Home > Coaching, Coping, Growth, Life in general, Personal progress, Power of Action, professional progress > “The Future Belongs to Those Who Ask!” ~ 3DS

“The Future Belongs to Those Who Ask!” ~ 3DS


I was invited by a colleague of mine to attend a negotiation seminar a few days ago. It was very inspiring, indeed, and validated many of the concepts I know and apply. The presentation touched on asking for discounts as we attempt to close some business deals. “If you don’t ask, the answer is always: NO!” the presenter announced. I agreed with that, but disagreed with asking for service discount. To me, that meant risking accepting less of what usually is offered (not too many people are conscientious, or are aware of the ramifications it has on their profession). With respect to displayed merchandise, the risks of getting less when you ask for a discount may be minimal, so go ahead ask for it. Demand it if you can (of course while paying attention to your tone). Take it at full price without asking, and you’ll always wonder if you could have done better. Those arguments made me reflect on the power of “asking” as determining much of our future life path.

Malcom X once said: “The future belongs to those who prepare for it today”. In a similar vein, Eleanor Roosevelt proposed: “The future belongs to those who believe in the beauty of their dreams.” In a congruent fashion, I believe that “the future belongs to those who ask!”  I asked to join the psychotherapy training program, and was lucky to get in despite being way past the deadline. I was surfing the net for ICF accredited “Coaching” schools and encountered the International Coach Academy. They called me and provided me with all the information I needed. I enrolled; and my career path changed in both instances. The positive consequence of “asking” for things applies to many other life areas I take initiative in. I just ask, and the universe responds in amazing ways. Sometimes I “ask”, but I’m denied only to find out later that something better was arranged for me.

 Hesitation to ask for something may have bases in the “fear of failure” (rejection can be a killer sometimes). “How can I courageously imply to that cute girl/guy that I like him/her? What if s/he said no?” That’s a dilemma many face. “How can I ask for that raise? Surely Management is working within a tight budget!” Truth is, don’t ask for it, and you stagnate. Would you want to wait (maybe forever) until your number is called out? Your chances are inevitably 50-50 to get it or not; despite your apparent strong belief (100%) you won’t get it. You don’t have all the “givens”. You have to be clairvoyant to forcefully say you know it all, don’t you? Alternatively, hesitation may have bases in the “fear of success”. You’d reason: “Me, with that cute guy/girl!” (Good God! a relationship would be too overwhelming), or “Me, with a better salary, or finally granted that promotion!” (I could be envied, or it could be too much to handle). This is when some self-sabotage to remain in their habitual comfort zone. Success seemingly carries with it an extra toll. Many would worry about change; it’s too much of an effort!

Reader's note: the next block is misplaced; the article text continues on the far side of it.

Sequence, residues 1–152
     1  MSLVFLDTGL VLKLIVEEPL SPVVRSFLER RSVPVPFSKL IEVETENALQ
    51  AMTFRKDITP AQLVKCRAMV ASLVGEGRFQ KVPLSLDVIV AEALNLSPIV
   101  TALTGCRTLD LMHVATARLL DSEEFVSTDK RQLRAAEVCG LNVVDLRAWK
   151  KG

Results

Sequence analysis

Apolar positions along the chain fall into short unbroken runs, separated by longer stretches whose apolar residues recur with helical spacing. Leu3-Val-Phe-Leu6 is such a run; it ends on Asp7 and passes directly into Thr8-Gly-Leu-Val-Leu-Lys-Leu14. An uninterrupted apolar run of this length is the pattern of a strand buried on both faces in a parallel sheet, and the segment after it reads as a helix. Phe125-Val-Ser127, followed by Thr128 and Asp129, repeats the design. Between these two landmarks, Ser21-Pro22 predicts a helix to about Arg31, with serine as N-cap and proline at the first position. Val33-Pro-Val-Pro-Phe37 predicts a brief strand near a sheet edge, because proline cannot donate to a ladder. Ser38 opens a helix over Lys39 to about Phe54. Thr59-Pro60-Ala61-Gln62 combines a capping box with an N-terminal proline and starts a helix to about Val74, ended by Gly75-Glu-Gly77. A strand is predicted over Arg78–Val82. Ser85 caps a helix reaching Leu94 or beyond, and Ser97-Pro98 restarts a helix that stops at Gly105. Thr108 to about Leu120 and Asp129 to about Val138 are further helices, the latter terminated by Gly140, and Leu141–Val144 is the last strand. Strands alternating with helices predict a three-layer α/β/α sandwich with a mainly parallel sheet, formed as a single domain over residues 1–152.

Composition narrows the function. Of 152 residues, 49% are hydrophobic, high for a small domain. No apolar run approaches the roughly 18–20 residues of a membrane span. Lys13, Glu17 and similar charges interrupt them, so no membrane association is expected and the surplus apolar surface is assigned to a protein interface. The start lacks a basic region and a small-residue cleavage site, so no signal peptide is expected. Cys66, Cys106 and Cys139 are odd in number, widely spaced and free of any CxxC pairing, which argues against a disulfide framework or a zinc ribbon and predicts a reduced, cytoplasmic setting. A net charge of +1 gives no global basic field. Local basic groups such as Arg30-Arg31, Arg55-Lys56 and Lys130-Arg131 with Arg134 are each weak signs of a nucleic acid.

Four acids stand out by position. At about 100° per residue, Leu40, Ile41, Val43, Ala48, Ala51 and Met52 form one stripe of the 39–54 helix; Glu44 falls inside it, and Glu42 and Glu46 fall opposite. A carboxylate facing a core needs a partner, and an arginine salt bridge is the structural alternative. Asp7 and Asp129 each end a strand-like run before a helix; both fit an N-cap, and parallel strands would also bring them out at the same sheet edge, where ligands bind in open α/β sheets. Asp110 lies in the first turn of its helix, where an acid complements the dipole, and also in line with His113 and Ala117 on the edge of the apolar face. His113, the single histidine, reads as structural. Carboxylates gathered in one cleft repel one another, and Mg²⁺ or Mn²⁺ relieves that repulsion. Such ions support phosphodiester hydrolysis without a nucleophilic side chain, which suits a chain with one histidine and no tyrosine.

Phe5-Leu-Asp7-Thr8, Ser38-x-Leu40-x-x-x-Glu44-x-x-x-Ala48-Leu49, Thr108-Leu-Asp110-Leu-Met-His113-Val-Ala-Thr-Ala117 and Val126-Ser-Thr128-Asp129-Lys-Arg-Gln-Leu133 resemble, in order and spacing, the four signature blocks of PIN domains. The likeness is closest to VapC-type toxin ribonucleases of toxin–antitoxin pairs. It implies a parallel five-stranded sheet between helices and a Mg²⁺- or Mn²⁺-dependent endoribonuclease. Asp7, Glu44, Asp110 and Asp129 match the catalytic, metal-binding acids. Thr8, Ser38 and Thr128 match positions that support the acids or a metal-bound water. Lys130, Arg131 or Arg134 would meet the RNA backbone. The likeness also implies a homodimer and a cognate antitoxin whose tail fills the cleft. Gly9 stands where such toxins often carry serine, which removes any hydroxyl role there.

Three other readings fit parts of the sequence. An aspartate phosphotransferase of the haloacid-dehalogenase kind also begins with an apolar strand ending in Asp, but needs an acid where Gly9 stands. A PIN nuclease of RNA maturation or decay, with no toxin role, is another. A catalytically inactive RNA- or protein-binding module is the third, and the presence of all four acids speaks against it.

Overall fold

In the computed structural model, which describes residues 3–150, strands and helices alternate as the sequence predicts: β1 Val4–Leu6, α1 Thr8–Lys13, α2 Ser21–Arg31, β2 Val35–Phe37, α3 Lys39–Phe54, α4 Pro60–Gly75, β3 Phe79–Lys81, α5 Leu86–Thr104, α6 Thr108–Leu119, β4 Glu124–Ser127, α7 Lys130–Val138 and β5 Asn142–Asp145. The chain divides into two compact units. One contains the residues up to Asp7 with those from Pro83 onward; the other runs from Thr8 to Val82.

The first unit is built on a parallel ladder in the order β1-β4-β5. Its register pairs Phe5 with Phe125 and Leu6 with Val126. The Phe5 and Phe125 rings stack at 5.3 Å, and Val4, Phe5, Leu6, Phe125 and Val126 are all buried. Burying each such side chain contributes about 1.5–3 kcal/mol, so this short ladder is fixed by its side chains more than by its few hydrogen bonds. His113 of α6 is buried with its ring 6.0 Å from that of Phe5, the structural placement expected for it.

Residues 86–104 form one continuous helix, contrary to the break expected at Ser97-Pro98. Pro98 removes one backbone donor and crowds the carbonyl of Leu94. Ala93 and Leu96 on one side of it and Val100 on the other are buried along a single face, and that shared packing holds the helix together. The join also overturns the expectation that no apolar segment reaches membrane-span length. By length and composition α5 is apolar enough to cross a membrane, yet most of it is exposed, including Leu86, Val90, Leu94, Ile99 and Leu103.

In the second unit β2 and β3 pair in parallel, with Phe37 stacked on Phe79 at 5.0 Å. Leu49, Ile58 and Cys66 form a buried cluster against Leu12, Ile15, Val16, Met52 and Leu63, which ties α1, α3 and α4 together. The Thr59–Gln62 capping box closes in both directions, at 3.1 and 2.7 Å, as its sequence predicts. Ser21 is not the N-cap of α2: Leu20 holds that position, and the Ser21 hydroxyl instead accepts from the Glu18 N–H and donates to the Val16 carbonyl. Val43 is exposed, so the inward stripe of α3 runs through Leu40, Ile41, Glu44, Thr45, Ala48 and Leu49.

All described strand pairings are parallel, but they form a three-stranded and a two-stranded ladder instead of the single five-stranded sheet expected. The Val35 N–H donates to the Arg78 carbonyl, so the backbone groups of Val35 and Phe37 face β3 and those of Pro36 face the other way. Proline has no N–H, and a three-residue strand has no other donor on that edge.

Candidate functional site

It probably is a known fact, by now, that any type of fear can be overcome only if faced. And if you still have doubt about what could happen IF so and so took place, ask yourself: so what? What could it mean? We tend to take things too seriously, so lighten up a bit. Talk about your concerns loud enough by taking the worst extreme scenario. Is it the end of the world? Can I try something different if this or that didn’t work out? Surely, choices are plenty if only we look hard enough. Again, and quoting my inspirational presenter “If you don’t ask, the answer is always: NO!” You ask, and it’s either a Yes, or a No. A “Yes” grants you what you want. A “No” needs to prompt you to ask again for something different. This is how you brighten up your future; this is how you leave your options wide open; this is why I believe: “The future belongs to those who ask!